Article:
Travel Guide Europe Georgia Tbilisi



Georgian orthodox church, Tblisi

Georgian orthodox church, Tblisi

© Utrecht

Tbilisi (თბილისი) is the capital of Georgia and is also the largest city in the country. The city is located in the southeast of the country on the Mtkvari River and has well over 1 million inhabitants. People have been living here since over 1,500 years and nowadays the city is the cultural and economic hart of the country and for people flying in to the country, Tbilisi will be there starting point. Recent historical events which were of importance for the country, took place at the central Freedom Square, like the Rose Revolution. But there is an older form of history to be found as well, with churches, mosques and synagogues all mixed together and even standing next to each other! From Tbilisi, it is just a short ride to other interesting regions like the Caucasus Mountains, the wine region of Kakheti and also Armenia is nearby.



Sights and Activities

  • Metheki Church
  • Freedom Square
  • Tbilisi Old Town
  • Mother Georgia (statue high above the city)
  • Tbilisi Sameba Cathedral, the most important one in the city
  • Narikala Fortress



Events and Festivals


Tbilisoba is an annual October festival, celebrating the diversity and history of Tbilisi, the capital of Georgia. It was first held on October 28, 1979, and has since become an established tradition. The festival features open-air concerts of traditional music and dancing and various cultural events, centered on Old Tbilisi, the historical part of the city. Beyond celebrating the city's past and present, people from all over Georgia represent their region at the fair of the harvest.

Victory Day

March 9 marks Georgia’s Victory Day, which celebrates the country’s freedom from fascism. In Tbilisi, Victory Day takes place in Vake Park, where exciting programs are held from dancing to brass band playing, plus the laying of flowers at the foot of the park’s eternal flame and memorial. It is also a day for remembering war veterans and heroes.




Tbilisi experiences relatively cold winters and hot summers. Because the city is bounded on most sides by mountain ranges, the close proximity to large bodies of water (Black and Caspian Seas) and the fact that the Greater Caucasus Mountain Range (further to the north) blocks the intrusion of cold air masses from Russia, Tbilisi has a relatively mild micro-climate compared to other cities that possess a similar continental climate along the same latitudes. The average annual temperature in Tbilisi is 12.7 °C. January is the coldest month with an average temperature of 0.9 °C. July is the hottest month with an average temperature of 24.4 °C. The absolute minimum recorded temperature is -24 °C and the absolute maximum is 40 °C. Average annual precipitation is 568 mm. May and June are the wettest months (averaging 84 mm (3.3 in) of precipitation each) while January is the driest (averaging 20 mm of precipitation). Snow falls on average 15-25 days per year. The surrounding mountains often trap the clouds within and around the city, mainly during the Spring and Autumn months, resulting in prolonged rainy and/or cloudy weather. Northwesterly winds dominate in most parts of Tbilisi throughout the year. Southeasterly winds are common as well.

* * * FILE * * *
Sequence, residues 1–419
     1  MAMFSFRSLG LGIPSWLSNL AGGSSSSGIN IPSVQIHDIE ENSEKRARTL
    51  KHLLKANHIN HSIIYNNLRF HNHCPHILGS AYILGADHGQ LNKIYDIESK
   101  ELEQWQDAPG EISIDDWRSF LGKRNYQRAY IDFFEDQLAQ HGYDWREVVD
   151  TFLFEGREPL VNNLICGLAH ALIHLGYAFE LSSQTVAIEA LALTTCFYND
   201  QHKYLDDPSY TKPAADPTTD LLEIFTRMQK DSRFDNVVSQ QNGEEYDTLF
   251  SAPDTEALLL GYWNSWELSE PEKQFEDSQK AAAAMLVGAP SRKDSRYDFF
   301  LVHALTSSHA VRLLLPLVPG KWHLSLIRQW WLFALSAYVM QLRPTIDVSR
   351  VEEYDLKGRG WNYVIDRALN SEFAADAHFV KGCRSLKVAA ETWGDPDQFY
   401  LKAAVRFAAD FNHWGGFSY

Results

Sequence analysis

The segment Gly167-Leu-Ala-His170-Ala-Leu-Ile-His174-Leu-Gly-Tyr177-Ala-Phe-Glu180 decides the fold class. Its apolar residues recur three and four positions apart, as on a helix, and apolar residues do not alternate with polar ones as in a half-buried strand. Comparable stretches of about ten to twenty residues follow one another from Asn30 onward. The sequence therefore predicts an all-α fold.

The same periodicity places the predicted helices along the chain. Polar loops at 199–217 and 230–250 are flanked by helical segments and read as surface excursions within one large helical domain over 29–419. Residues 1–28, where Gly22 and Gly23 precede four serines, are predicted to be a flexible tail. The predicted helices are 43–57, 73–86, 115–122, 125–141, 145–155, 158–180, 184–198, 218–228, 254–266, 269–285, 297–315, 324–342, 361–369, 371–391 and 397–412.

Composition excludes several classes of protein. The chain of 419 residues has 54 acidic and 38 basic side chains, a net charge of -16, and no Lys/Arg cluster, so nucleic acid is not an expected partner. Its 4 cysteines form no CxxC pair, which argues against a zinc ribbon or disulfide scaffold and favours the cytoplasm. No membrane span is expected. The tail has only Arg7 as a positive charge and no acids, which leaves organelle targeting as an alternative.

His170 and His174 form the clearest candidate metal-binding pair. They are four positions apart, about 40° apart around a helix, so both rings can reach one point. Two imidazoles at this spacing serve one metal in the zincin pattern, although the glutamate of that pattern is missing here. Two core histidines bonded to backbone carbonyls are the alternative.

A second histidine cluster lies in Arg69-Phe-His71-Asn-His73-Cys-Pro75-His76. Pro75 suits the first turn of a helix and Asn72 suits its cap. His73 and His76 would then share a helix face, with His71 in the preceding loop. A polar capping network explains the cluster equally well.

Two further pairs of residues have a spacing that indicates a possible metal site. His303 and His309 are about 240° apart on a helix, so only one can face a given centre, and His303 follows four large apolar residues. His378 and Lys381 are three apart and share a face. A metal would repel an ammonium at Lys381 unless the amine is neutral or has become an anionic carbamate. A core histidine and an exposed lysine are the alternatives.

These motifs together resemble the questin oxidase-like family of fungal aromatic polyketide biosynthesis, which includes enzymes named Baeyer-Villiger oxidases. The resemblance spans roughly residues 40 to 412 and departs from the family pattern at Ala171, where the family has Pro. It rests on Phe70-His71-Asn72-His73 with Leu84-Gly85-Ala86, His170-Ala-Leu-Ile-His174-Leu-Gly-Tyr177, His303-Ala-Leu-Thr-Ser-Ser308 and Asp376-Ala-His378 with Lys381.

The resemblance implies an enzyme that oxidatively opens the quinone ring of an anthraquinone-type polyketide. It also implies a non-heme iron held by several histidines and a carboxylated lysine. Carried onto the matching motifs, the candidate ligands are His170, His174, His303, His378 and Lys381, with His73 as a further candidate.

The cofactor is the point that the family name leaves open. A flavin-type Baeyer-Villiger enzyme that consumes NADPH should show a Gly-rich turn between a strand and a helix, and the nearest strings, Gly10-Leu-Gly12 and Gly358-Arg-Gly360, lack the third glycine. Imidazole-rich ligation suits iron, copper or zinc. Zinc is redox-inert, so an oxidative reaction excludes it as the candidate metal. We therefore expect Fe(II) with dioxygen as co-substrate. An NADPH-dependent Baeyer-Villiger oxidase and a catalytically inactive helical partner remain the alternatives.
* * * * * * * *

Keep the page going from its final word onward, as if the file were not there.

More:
Getting There

By Plane

Tbilisi International Airport (IATA: TBS; ICAO: UGTB) is the main gateway of the country. There are connections to most neighbouring countries and the Middle East. Direct flights from Europe can be taken from London, Warsaw, Munich, Riga, Vienna, Amsterdam, Kiev and Athens. Comming from Asia is best to connect through Dubai or Istanbul. Direct flights via Moscow and Russia at the time of writing have been suspended.
New connections are showing up though, with Georgia being more and more popular lately and more European countries and former Soviet Union republics now have flights, either directly or not, to and from Tbilisi.

From the airport there are several options to getting to the city centre. There is an infrequent rail service to the main railway station or you can take bus 37 from outside the arrivials hall which also finishes at the main railway station. The buses running this route are 'mini-buses' so if you have alot of luggage it's best to take one of the waiting taxis.

By Train

There are train international connections with both Armenia and Azerbaijan which leave Tbilisi and have their finale destination in Yerevan or Baku respectively. There are alos a multitude of local services which go to the regional centers in Georgia, although its much quicker to take a bus and usually around the same price.

By Car

Being the capital between Europe and Asia and lying on the old Silk Road, Tbiisi is easily accessed both internationaly and localy.

By Bus

There are connections to the countries of Turkey, Armenia, Azerbaijan and Greece, either by bus or by marshrutka, the Georgian minibus. Buses traveling as far as Istanbul and Athens can take up to two full days to get there.

By Boat

There are no boat connections in Tbilisi, or even ferries for that matter on the Mtkvari River.



Getting Around

By Car

Parking is widespread, but the ubiquitous informal parking attendants will help you reverse out into the traffic; it's all part of the service they offer in return for the usual tip.

By Public Transport